PT: No. I.V. Webb is a singer songwriter currently recording an album in the UK. Once the music for Yellow Dustbin, composed by performed by The Hare And The Moon, was complete I sought a vocalist. I found I.V. Webb. On hearing the warmth and tone in her voice knew she was the one. I was fortunate I.V. took a shine to the script and I made a return to the old ways by taking her into a recording studio to put the vocal down.

I.V. Webb records the voiceover for Yellow Dustbin.

I.V. Webb records the voiceover for Yellow Dustbin.

Paul explained that Yellow Dustbin is structured as a four part symphony.

Part 1. Home: Sitting on a bench in Totnes high street Paul reflects on his animated cartoon characters. They escape once more from his imagination with help from the music of The Hare And The Moon, the voice of I.V. Webb and photographs taken by Matt Dean. Scratch in his Yellow Dustbin is lifted above the top of the steep high street looking down to his destination as oranges race by Itch mouse.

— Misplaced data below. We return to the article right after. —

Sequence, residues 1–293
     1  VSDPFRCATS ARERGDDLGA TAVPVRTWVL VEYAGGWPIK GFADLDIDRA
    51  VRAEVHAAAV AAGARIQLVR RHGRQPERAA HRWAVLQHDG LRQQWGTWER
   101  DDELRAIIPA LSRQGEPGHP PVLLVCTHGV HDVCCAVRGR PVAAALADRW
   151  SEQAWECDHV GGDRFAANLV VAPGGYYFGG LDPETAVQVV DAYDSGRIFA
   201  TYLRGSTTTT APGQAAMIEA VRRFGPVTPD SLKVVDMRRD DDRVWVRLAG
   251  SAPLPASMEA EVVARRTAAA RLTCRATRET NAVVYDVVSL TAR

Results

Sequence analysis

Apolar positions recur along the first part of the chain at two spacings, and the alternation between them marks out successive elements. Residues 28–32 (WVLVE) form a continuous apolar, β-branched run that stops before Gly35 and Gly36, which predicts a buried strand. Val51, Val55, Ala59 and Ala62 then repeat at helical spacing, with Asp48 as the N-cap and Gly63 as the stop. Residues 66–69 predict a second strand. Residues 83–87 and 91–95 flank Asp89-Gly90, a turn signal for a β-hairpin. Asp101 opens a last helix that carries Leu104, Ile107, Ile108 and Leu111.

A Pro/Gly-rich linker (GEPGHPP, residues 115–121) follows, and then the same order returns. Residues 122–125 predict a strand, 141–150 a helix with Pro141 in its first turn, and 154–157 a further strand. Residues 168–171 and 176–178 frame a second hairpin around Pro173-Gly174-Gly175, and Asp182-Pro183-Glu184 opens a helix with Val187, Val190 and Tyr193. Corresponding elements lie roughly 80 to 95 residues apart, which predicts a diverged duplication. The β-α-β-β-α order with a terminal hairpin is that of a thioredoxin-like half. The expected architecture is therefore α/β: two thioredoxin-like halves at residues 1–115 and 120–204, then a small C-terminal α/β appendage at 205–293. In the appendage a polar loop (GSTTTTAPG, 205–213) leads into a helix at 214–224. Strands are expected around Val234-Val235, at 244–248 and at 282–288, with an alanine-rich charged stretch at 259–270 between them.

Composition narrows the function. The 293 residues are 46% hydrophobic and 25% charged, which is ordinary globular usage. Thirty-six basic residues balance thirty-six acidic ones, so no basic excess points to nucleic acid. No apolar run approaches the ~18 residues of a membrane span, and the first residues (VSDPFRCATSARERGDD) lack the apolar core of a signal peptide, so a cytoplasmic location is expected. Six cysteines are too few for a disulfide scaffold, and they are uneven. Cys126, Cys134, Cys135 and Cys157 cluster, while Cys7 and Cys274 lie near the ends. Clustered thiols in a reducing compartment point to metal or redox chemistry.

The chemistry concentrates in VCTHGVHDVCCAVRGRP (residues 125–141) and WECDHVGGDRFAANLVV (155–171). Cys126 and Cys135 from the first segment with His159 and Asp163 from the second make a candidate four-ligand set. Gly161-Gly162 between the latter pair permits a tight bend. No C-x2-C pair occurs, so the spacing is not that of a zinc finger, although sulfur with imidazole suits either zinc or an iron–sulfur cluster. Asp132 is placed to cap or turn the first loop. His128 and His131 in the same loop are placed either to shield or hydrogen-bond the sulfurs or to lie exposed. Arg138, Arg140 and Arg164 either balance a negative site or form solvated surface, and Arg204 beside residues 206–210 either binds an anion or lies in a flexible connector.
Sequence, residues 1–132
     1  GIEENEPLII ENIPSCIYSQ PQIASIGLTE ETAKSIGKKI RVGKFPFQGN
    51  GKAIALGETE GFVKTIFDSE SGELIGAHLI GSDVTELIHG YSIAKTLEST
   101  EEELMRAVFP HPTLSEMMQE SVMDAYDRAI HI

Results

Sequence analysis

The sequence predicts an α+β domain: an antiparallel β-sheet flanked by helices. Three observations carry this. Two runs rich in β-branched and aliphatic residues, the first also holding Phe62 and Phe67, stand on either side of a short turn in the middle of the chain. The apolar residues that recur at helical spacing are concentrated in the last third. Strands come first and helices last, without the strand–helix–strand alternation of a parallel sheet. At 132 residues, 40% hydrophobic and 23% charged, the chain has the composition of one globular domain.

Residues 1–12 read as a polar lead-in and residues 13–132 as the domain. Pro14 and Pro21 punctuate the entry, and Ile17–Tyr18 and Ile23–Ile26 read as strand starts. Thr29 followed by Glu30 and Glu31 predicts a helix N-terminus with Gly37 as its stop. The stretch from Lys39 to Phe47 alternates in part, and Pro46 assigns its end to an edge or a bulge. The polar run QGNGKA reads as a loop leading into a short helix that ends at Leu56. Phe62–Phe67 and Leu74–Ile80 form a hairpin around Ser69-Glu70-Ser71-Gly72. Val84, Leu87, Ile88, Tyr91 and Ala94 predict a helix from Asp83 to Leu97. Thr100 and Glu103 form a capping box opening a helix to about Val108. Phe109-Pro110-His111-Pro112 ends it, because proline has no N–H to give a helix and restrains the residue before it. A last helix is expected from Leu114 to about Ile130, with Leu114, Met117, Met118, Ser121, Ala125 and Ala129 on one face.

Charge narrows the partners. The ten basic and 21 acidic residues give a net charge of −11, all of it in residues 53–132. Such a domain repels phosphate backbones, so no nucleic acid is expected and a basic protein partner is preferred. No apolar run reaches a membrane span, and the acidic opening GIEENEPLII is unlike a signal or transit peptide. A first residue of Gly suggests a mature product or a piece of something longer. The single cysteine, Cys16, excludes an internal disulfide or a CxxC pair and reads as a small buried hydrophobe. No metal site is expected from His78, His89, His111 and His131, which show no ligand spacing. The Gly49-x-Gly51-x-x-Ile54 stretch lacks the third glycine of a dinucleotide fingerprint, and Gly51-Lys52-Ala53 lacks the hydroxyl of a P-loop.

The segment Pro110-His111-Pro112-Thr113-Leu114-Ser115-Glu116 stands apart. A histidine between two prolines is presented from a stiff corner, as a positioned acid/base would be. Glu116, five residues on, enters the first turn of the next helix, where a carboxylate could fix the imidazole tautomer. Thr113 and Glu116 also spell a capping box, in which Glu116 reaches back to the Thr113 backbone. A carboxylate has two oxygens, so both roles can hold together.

Part 2. Sky: Itch decorates the sky with whimsical waggish dazzle. Scratch is side tracked but entertained.

Part 3. Remember: As the sky display dwindles The Gallery takes us back to where it all began with Tony Hart. Hanging on a pink wall are scenes from those first animated appearances in Take Hart.

Part 4. Love: Unaware of his interruptions as she dreams of their romance Eve waits for Scratch at the bottom of the high street. It’s clear they are in love. Paul bids us thank you and goodbye in a very Dylanesque way.

Totness museum poster

Totness museum poster

Out Of My Mind – My Animated Adventure – Part 3 of 3

Paul Thomas continues his brief autobiography of his struggle to find success as an independent animator.